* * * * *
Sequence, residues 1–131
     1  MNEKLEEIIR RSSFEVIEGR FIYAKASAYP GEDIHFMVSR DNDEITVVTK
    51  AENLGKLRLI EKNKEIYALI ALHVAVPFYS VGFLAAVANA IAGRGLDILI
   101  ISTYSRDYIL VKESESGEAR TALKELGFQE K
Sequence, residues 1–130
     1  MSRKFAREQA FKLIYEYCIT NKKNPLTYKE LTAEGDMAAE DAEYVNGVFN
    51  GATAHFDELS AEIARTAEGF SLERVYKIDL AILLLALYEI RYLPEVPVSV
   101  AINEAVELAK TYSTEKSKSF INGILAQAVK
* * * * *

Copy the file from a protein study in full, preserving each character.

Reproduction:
Sequence, residues 1–131
     1  MNEKLEEIIR RSSFEVIEGR FIYAKASAYP GEDIHFMVSR DNDEITVVTK
    51  AENLGKLRLI EKNKEIYALI ALHVAVPFYS VGFLAAVANA IAGRGLDILI
   101  ISTYSRDYIL VKESESGEAR TALKELGFQE K
Sequence, residues 1–130
     1  MSRKFAREQA FKLIYEYCIT NKKNPLTYKE LTAEGDMAAE DAEYVNGVFN
    51  GATAHFDELS AEIARTAEGF SLERVYKIDL AILLLALYEI RYLPEVPVSV
   101  AINEAVELAK TYSTEKSKSF INGILAQAVK